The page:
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Ramsey Police: How Are We Doing?

Accreditation is valid for three years. During that time, the department must submit annual reports attesting to its continued compliance with the accreditation standards. Photo Credit: Jerry DeMarco
Ramsey Police Chief Bryan Gurney Photo Credit: COURTESY: Ramsey Police Chief Bryan Gurney

Ramsey residents and merchants are invited to assess their city's police department as part of a process known as accreditation.

Members of the department and city employees also are encouraged to call during the scheduled phone-in period from 10-11 a.m. on Monday, Dec. 10.

THE NUMBER: (201) 327-1700 

Telephone comments will be fielded by an assessment team from the New Jersey State Association of Chiefs of Police that will examine “all aspects of the Ramsey Police Department’s policies and procedures, management, operations, and support services,” Police Chief Bryan Gurney said.

Comments are limited to 5 minutes and “must address the agency’s ability to comply with the accreditation standards,” Gurney said.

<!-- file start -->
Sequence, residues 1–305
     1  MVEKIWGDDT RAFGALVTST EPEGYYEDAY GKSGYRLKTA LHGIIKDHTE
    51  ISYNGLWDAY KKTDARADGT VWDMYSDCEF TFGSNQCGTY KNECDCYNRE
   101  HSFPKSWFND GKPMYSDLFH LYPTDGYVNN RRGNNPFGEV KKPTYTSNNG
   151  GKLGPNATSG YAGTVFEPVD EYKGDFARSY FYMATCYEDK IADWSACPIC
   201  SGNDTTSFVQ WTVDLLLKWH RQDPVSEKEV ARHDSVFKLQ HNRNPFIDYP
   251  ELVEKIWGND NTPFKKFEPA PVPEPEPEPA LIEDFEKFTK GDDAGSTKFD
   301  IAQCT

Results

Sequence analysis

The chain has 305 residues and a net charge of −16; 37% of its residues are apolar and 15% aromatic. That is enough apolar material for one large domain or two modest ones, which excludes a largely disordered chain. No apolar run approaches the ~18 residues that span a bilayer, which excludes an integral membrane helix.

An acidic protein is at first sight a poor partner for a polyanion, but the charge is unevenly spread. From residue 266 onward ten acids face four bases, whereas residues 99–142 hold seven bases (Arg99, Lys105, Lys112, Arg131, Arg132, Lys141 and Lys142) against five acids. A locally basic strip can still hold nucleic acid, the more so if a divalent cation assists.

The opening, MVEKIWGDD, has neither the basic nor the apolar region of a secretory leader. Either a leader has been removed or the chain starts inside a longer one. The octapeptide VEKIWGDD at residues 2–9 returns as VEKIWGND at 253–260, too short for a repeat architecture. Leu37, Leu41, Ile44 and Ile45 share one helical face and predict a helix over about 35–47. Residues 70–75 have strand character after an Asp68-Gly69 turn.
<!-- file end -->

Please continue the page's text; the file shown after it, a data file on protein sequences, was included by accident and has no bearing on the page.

You could also email or write to the New Jersey State Association of Chiefs of Police, Law Enforcement Accreditation Commission at 11,000 Lincoln Drive West, Suite 12, Marlton, NJ 08053.

Verification by the team that the department meets the Commission’s "best practice" standards is "part of a voluntary process to achieve accreditation, a highly prized recognition of law enforcement professional excellence,” Gurney said.

Accreditation results in greater accountability within the agency, reduced risk and liability exposure, stronger defense against civil lawsuits, increased community advocacy, and more confidence in the agency’s ability to operate efficiently and respond to community needs, the chief added.

Although it hasn’t been proven to directly improve police response time, reduce crime, or cut costs to taxpayers, accreditation does send a message that a department is committed to professionalism — the same as colleges and other institutions do.

For instance, the department must meet more than 100 standards for prisoner transfers, how petty cash is handled, and the process for evidence chain-of-custody, among other functions.

The review team, made up of law enforcement officers, will “review written materials, interview agency members, and visit offices and other places where compliance with the standards can be observed,” said Harry J. Delgado, the program manager.

They will then report to the commission, which determines whether to grant accreditation.

A copy of the standards is available for inspection at the Ramsey Police Department at 25 N. Central Ave.

CONTACT: Sgt. Kevin T. Kelly (the department's accreditation manager): (201) 327-2400.

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